My Life With Hydrocephalus: a journey of faith, hope, and courage.

For years I have been told I should write about my experiences with Hydrocephalus and what they have taught me as a way to help other struggling with what it means to have hydrocephalus.  I do not know how much I can really help others with the disorder or to help families dealing with caring for a child with hydrocephalus.  All I can do is share my experiences, what I have gone through and what I have learned from the challenges I have encountered.  I have gone through periods of darkness, yearning for the light and wondering will things ever get better.  I am here to say that YES things will get better.  I have been called an inspiration, but I tell you know I am far from it.  I have gotten to where I am and accomplished I have because of the support I receive from many around me and my faith.  Without those two things I would have given up and died a long time ago.

My story begins in August 28, 1989 when I was born to, two of the kindest, most loving people I have ever known.  I was premature by 5 weeks.  When I was born I was not breathing and because I was so premature was sent by ambulance to a larger hospital with a Neonatal Intensive Care Unit, my mom told me that they had to stop the ambulance twice because I stopped breathing.  After 5 days she was first allowed to hold me. That is when she noticed a bump on the back of my head. She brought this up to the nurses and they told her it was nothing, but she insisted that it be checked out.  After a CT a neurosurgeon was brought in and I was diagnosed with an encephalocele, hydrocephalus and Dandy-Walker Syndrome.

An Encephalocele is where the skull bones don’t come together and result in a gathering of Cerebral Spinal Fluid and/or the brain and surrounding membranes become trapped. Hydrocephalus is the buildup of excess Cerebral Spinal Fluid in the ventricles (cavities) within the brain.  The buildup of fluid can cause many problems and even result in death if not treated.  Dandy-Walker Syndrome is a condition where a portion of the cerebellum is missing and replaced by a cyst.  The cerebellum controls muscle coordination and other functions important for life, or as I like to say, “walking, talking, breathing you know all those unimportant aspects of life” Some people look me horrified when I say it like that, but the way I look at it I am lucky to be here, why can’t I have fun with explaining my disorder.  One cannot be serious all the time.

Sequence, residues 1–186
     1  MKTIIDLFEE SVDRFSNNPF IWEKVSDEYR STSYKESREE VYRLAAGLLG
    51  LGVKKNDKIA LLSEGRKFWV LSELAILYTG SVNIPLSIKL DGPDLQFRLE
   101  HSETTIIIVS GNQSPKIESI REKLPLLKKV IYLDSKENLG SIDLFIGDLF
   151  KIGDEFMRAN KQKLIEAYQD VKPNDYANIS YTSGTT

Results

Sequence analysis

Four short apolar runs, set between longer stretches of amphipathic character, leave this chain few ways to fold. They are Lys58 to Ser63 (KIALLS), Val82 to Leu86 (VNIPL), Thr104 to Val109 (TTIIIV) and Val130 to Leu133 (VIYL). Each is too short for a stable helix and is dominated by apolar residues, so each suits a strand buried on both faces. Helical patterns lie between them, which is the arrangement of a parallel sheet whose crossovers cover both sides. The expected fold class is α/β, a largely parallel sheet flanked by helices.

I received my first VP shunt at four months of age.  From what I have been told and what I have read the surgery was done by a remarkable surgeon who was both the first woman neurosurgeon and the first black neurosurgeon.  My childhood from then on was pretty normal except for having to do a lot of PT and OT along with learning how to suck on a bottle.  My mom never gave up, doctors told her to institutionalize me, I’m glad she didn’t!  As hydrocephalus goes I was lucky, unlike many kids who have multiple revisions and complications I didn’t experience my first shunt revision till I was 13, when my shunt fell apart.  Since then I have had numerous spinal fluid and shunt infections leading to weeks at a time in the hospital.  The longest I’ve had a shunt since I had my first revision is 3 years, the shortest time less than 24 hours.

When I was 19 I had my first major complication, I woke up from an emergency revision to discover I couldn’t move my left side at all!  Luckily with a lot of PT and support I’m back up walking on two feet (with the use of a cane) and I can once again use my left hand and arm!  Then my sophomore year at college I had another setback which caused me to drop out.  I had been going in and out of the ER for months and back and forth to the Neurosurgeons office telling him something wasn’t right.  Finally after 3 months I was hospitalized with another shunt infection.  I was in the hospital a whole month!  The 2nd to last surgery I had before discharge damaged my optic nerve making everything from my right eye blurry.  Despite that and how week I was after a month stuck in bed at the hospital I started looking at new schools, I found one applied and have since graduated with 2 degrees both of which I cannot currently use because of complications from the shunt and hydrocephalus mainly Chronic headaches and other chronic pain.  I have also noticed a general weakening of my left side that seems to persist despite exercise.  That is a synopsis of my story just a little peak, life hasn’t been easy and this is only one part of my life I have also been diagnosed with PCOS, depression, anxiety and I fear there is more to come as I search for answers, but through all this I have learned to never give up.  You can become bitter or you can get better; it’s up to you!


Article written by Kate Dekoski


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